Now is a time for me to look back on work carried out over the year.  This painting “Break Out/Promised Land” was interesting to paint.  I concentrated on bringing texture and different surfaces into play and it was quite nice to let the textural information inform choices in colour and the direction of the next marks or brushstrokes.  I let the painting grow naturally, so I didn’t have an idea from the outset of how it would develop, but seeing it at the end it rang true.  I have learnt through it, which is my main objective.  It would be nice to do some more of these,  and it is the case that acrylic paint is just the right medium to use for paintings like this.  I always feel slightly disappointed with the colour intensity of acrylic paint, though adding pigment of course is always an option.   I have not painted with an acrylic underpainting and oil on top yet… so maybe this is something I might explore next.

(Note: later sold to a collector)

http://www.jamartlondon.com

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You cannot see the white border around this central part, as it has merged with the website surround.  Quite apt really!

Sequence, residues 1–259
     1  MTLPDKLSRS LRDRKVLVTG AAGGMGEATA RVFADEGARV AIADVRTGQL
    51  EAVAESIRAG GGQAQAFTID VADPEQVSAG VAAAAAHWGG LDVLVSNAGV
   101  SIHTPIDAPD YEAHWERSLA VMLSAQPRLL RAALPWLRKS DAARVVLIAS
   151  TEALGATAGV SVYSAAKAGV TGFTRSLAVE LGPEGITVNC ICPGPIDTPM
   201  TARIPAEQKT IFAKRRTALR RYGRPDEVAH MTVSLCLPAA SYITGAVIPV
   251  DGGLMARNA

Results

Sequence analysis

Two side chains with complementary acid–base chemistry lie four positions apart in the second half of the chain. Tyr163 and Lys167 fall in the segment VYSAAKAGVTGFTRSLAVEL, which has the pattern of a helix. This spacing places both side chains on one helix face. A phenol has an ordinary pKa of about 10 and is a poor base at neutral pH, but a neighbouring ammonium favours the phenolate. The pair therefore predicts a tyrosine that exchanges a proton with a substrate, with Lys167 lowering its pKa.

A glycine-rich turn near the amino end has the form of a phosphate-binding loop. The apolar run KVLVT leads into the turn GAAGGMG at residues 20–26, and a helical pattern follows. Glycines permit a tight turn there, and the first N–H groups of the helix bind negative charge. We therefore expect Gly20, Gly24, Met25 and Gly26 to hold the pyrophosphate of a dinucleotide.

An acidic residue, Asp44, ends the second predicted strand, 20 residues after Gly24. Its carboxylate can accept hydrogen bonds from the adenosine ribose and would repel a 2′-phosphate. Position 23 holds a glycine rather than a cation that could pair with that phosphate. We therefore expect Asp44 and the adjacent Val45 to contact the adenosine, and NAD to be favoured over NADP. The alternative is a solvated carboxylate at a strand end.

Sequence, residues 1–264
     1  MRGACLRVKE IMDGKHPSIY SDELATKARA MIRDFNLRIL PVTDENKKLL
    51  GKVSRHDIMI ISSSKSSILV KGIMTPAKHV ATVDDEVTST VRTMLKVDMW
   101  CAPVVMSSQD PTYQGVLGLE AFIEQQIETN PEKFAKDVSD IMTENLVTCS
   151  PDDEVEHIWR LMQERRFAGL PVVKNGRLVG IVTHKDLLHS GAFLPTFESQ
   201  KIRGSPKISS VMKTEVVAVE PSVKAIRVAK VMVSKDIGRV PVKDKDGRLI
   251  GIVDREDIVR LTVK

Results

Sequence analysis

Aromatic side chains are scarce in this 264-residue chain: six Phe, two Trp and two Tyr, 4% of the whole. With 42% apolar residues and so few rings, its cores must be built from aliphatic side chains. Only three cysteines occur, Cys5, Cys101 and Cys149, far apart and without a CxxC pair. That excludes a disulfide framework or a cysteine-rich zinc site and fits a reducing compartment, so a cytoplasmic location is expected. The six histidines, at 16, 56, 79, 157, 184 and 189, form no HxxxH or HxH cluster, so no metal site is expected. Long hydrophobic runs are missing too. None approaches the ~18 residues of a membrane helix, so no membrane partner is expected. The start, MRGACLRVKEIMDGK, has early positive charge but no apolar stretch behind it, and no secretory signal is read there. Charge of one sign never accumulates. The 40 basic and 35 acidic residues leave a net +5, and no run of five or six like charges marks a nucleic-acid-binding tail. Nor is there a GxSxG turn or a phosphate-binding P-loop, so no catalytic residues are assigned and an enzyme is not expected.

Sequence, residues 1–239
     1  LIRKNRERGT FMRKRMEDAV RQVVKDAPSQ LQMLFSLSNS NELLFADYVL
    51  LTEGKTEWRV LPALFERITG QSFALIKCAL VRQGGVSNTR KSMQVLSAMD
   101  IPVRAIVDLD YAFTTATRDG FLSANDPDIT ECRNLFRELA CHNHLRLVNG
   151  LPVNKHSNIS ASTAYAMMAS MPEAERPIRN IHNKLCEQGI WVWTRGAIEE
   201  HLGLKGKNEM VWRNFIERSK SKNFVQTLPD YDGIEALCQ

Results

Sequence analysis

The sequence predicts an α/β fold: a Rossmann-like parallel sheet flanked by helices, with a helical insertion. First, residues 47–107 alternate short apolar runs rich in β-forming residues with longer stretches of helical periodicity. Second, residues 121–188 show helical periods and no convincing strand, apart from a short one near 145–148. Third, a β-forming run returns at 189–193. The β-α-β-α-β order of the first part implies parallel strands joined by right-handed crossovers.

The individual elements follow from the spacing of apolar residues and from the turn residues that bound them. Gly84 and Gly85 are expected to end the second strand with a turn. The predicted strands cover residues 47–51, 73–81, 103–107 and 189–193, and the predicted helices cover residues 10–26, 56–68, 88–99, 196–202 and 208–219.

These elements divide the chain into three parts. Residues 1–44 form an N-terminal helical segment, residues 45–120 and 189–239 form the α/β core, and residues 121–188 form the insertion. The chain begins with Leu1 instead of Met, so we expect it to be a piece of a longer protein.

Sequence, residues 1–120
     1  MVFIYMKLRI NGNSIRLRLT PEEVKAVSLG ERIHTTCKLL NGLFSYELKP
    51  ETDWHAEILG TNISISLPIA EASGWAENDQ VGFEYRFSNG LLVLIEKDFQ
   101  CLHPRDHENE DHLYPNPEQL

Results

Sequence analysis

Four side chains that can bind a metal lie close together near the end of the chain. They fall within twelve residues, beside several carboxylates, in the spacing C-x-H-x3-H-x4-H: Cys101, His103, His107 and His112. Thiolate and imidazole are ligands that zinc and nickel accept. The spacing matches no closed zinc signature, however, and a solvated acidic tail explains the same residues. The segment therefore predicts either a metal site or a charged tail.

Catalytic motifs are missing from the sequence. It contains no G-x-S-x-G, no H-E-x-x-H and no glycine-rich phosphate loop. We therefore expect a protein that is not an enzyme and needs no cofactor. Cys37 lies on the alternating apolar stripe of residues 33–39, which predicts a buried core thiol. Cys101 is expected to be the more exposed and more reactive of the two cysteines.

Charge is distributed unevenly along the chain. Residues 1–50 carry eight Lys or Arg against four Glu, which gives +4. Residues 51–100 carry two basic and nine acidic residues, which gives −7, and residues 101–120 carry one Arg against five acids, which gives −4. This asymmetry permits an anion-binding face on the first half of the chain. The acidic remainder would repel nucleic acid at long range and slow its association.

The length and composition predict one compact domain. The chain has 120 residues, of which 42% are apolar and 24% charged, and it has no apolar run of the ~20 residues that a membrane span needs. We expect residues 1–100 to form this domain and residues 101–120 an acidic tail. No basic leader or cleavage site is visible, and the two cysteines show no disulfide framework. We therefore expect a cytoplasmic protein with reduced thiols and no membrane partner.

I am hoping very much that my application for the AA2A Artists Access to Art College Scheme which is hosted by Kingston University School Of Fine Art will prove worthwhile.  Today is the deadline.  That could be the beginning, or the end line I suppose for me.

I went to Kingston University many years ago, studying  Literature  and some History too. Wow, it would be great to get into the Library again, amongst other things.  The Printmaking Department looks great. 

I wrote a poem recently.  Haven’t written one for ages, so here it is:

 The hen
 
I feel the structure of her wings – an
oily smell – an apparently disconnected neck.
 
Alive?  Yes… With red, floppy, external tongues…
Clapping a throaty, inner, sound.
 
She struggles to get out the clucks,
out of my hands, and flaps air 
around us.
 
The strained express; We try to fly,
but gravity pushes us down.

Well, it is finished!

John T Freeman selected some of the children’s work and arranged the composition of the cartoons on the mural.  He copied the children’s work closely so it retained the original’s quality, and we agreed to add a cat and a rat to bring a little movement into play.  Keim Contact Grobb was used under the cartoons to bring a little texture to the surface, though at this point the uneven nature of the surface did seem quite a challenge!  (Unfortunately I was not able to get permission for the wall to be rendered, which would have been the ideal scenerio).